Economic growth in South East Asia accelerated in the past ten years. But a period of adjustment lies ahead, as it does for most of the Third World countries. Escalation of oil prices has slowed expansion of world oil demand and encouraged major consuming countries to switch to alternate fuels and to seek diversification of supplies in the interest of energy independence. Petroleum sales in Japan, the major outlet for oil exports from South East Asia, have stagnated, but exports to the United States offer a substantial alternate market as future domestic supply in that country falls off. By the year 2000, petroleum imports into the United States may total over 10 million barrels daily, double the level of 1982, if U.S. oil production declines as forecast. Greater penetration of this market by South East Asian producers may require a re-orientation of marketing strategies.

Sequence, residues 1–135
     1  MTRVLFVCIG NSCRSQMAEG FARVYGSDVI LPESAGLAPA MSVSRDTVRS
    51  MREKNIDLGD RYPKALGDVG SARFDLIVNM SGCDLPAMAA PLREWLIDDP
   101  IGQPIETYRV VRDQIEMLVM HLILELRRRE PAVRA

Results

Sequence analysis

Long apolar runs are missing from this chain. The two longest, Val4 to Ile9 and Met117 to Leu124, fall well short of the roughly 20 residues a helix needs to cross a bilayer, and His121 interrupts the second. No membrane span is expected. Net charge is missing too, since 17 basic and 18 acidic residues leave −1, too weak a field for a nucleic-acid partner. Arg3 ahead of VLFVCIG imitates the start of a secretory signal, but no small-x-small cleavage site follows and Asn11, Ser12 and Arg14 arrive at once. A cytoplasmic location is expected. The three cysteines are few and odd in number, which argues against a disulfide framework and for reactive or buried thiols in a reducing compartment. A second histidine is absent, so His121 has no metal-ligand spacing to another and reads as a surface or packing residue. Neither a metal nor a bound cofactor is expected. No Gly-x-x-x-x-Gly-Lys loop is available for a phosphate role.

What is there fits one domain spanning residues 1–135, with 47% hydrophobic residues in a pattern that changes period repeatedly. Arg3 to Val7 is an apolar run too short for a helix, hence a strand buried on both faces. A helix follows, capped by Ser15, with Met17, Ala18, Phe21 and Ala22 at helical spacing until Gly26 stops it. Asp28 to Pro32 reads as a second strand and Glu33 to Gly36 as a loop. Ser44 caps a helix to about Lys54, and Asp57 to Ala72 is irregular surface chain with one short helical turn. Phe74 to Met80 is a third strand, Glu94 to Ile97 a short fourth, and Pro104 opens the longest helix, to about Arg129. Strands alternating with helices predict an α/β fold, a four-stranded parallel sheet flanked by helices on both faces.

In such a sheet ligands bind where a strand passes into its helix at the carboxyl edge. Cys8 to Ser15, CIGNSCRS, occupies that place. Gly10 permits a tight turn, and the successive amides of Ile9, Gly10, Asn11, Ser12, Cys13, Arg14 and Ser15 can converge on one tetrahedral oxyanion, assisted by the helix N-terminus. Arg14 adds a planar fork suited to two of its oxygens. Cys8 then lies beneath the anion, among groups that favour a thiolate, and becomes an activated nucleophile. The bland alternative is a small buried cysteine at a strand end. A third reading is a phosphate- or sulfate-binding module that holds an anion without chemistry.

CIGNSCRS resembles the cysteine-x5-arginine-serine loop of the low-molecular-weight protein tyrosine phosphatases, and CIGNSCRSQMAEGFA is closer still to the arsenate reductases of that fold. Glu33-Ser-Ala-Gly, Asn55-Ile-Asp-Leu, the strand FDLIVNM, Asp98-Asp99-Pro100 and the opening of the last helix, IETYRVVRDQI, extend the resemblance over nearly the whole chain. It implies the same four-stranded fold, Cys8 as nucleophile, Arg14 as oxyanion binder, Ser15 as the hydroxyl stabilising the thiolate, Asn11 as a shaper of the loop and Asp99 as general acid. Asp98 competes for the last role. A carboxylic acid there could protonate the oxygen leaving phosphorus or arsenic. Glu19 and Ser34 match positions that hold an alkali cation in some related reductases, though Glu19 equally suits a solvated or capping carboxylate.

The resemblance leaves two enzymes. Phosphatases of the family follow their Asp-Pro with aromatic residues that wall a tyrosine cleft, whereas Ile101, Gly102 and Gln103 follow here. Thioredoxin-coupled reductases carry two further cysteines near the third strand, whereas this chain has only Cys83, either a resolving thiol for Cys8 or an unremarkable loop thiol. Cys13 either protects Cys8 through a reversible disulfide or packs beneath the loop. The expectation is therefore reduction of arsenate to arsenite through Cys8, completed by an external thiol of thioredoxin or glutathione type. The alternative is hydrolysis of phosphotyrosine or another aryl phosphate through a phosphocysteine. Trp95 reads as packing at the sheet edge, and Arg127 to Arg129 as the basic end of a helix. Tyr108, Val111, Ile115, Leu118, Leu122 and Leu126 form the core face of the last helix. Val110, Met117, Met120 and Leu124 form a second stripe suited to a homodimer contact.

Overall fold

You can access this article if you purchase or spend a download.